When you have a vacancy on your senior leadership team and are down to two applicants with the skills to do the job, one an ingratiating yes person and the other always challenging the corporate line, which would you choose?
Everyone likes to hear positive feedback from time to time. Some people need feedback more than others, and its good to hear when you are getting things right. You can see it going well around you, but your inner doubt likes to hear other people say things are going well too. So the sycophant is useful. They are predisposed to tell you what they think you want to hear, and that you will like to hear praise more than criticism, so they will tell you how well you are doing. There's a difference between sycophants and yes people. Sycophants are giving you praise in order to ingratiate themselves, in anticipation of gaining advantage. Their primary goal is to better their own position, and so the feedback they give you, is given with that in mind. Yes people are simply inclined to agree, with everything, and may have a whole host of reasons for doing so, including fear, and their natural instinct for finding similarities and agreement.
On the plus side people who continually agree with you are easy to get along with, and offer your ego a real boost, and sometimes that really important. Everyone can have a difficult day, or experience self doubt, and to have that source of praise can help at a difficult time. And of course good leaders will be getting it right much of the time. You're getting things right, and you know you are, and people are telling you how well things are going. Everything is well. But that is where the problem starts - when things are going less well, you only have your internal barometer to let you know. And worse still, even though your gut feeling is that things aren't quite right, the yes people are trying to convince you all is well. They are no help when it comes to course correction.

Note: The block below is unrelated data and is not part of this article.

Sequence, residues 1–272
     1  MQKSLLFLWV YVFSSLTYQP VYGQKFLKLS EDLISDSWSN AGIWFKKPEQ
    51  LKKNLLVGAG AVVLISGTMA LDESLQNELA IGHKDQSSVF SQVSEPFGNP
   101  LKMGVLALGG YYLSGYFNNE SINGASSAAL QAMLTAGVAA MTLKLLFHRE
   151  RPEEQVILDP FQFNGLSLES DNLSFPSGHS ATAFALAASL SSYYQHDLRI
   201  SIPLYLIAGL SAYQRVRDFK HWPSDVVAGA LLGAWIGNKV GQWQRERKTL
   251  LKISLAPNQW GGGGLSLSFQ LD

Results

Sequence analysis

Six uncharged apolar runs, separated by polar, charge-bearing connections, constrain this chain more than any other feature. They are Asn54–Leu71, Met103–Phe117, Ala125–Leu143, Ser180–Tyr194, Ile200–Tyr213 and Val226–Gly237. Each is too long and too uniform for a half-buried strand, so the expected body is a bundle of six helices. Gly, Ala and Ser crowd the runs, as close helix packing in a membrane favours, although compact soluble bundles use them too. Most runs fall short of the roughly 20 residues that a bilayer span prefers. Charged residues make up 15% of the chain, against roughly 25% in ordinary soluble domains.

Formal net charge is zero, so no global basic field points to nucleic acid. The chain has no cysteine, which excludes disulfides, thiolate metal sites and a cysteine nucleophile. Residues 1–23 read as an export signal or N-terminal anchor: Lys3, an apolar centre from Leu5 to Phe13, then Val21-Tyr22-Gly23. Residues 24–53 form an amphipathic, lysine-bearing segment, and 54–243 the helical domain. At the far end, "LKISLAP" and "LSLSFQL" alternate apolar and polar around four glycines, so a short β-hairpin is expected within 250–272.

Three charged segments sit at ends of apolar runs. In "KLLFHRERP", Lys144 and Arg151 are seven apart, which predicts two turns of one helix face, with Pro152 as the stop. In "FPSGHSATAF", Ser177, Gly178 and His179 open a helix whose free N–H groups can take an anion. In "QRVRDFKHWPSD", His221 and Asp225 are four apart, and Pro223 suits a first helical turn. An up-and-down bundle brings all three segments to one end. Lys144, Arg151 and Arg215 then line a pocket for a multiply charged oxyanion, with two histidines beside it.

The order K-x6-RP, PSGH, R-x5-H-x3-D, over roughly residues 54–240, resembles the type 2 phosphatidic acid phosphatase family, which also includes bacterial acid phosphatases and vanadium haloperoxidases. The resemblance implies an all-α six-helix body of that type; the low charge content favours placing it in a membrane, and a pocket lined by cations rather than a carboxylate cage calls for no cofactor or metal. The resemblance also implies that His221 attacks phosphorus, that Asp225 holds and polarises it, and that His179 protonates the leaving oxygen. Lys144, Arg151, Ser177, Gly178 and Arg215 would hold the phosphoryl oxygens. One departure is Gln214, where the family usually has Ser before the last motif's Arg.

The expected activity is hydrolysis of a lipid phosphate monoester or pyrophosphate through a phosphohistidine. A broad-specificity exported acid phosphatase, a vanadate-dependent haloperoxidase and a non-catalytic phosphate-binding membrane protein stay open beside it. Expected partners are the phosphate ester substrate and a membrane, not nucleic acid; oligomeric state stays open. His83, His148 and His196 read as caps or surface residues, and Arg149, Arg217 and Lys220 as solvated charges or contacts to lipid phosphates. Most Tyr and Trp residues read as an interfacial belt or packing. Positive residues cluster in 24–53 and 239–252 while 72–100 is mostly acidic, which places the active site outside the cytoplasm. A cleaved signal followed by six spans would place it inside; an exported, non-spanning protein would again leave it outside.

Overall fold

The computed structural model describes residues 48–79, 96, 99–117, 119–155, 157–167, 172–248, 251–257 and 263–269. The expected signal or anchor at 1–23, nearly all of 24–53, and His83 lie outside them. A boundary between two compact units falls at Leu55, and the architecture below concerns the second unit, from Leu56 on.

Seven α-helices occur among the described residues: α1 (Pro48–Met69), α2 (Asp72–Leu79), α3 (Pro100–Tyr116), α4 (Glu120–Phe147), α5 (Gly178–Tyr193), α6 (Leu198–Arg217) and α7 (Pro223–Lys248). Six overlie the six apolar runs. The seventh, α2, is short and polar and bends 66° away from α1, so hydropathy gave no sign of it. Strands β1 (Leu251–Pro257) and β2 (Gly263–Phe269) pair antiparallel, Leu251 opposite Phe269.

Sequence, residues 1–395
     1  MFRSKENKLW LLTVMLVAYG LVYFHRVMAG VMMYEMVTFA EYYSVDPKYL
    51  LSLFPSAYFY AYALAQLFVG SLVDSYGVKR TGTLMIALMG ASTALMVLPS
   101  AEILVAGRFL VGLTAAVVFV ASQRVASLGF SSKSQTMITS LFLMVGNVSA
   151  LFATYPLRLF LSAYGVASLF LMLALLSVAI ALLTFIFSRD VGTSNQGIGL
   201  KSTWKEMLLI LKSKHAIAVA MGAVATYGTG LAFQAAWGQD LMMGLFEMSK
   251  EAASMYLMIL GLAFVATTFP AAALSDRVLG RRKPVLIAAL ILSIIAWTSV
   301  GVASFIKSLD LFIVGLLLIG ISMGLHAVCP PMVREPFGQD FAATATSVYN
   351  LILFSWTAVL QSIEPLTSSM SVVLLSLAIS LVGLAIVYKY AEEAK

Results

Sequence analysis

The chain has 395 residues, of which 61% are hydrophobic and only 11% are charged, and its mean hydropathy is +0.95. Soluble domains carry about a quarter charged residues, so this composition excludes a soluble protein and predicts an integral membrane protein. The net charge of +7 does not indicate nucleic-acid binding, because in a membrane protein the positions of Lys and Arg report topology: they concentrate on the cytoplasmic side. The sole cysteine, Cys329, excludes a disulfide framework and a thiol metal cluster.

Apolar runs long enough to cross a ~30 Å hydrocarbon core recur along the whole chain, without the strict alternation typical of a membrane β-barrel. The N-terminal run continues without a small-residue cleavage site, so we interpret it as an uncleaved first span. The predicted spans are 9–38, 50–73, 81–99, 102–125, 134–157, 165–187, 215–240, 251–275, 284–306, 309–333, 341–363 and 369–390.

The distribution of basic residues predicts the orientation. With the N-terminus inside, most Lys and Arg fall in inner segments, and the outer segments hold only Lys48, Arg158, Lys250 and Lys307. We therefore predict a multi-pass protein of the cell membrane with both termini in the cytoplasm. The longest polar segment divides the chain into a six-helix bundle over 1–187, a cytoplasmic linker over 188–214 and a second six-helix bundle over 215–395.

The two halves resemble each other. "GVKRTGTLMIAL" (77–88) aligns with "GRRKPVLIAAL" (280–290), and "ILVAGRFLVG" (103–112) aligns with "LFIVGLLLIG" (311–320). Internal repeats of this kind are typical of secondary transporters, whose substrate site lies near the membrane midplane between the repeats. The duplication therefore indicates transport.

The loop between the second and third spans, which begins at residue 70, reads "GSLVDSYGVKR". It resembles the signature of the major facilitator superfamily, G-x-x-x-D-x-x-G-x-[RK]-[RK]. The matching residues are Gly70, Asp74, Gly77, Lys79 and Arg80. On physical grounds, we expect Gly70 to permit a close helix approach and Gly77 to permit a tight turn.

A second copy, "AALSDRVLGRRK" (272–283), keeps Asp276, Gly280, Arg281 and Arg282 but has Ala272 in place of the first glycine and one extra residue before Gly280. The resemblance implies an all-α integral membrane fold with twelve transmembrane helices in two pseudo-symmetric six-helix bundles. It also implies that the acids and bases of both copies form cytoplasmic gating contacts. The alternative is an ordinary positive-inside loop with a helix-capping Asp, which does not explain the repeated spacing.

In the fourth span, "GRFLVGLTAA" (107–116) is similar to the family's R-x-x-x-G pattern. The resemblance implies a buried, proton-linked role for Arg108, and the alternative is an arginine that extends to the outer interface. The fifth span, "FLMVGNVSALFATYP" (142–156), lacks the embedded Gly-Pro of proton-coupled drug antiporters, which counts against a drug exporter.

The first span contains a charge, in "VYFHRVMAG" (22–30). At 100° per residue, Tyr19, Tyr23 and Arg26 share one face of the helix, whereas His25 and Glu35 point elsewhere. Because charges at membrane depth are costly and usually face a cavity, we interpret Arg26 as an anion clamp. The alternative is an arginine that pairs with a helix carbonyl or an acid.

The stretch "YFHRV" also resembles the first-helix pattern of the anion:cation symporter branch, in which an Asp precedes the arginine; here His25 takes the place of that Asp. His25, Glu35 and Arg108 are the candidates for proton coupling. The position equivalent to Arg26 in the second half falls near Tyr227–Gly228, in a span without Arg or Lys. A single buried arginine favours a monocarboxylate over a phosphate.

So what about the Dissenter? Well they are prone to disagreeing, points out the flaws in the plan, wanting to head off down a different route. They can be difficult to work with. Of course not all dissenters are equal. Some may use dissent to undermine you or because they really believe that they know better. But others are not challenging out of self interest, it is simply that they are hardwired to see the differences in things. They may be on a spectrum between pointing out alternative perspectives to everything, through to the infernal cry of 'yes, but...'
The greatest changes in society have arisen when someone has chosen not to follow the crowd, has recognised that wrong is wrong, even if everyone is doing it. They have taken a stand, and spoken out with a different point of view. They have challenged the status quo, and pointed out when right is right, even if no one is doing it. Dissent can seem a negative attitude but that can depend very much on where you view it from. If you are the leader being challenged it can feel uncomfortable. Unless of course you are able to listen with curiosity to their perspective, and be open to finding a better way.
Diverse views allow us to find the best answers, because they bring more perspectives. Dissent stops being challenging when trust and respect are fundamental to the relationship, and those opposing views become heard as diverse alternatives. They are included in the thinking and the emerging plan is one that has shared and collective ownership. Impossible? Not at all, honest conversations are all too often avoided, when in reality they are the only conversation that should taking place in the leadership team.
"Courage is what it takes to stand up and speak; courage is also what it takes to sit down and listen."
So as you reflect on your leadership team, are they telling you what they think you want to hear? As you put forward your plan, does the corporate nod ripple around the table? Or do you have a team with enough trust and respect in each other to say the things that need to be said? When you are ready to speak and listen with courage contact us and find out how we can help.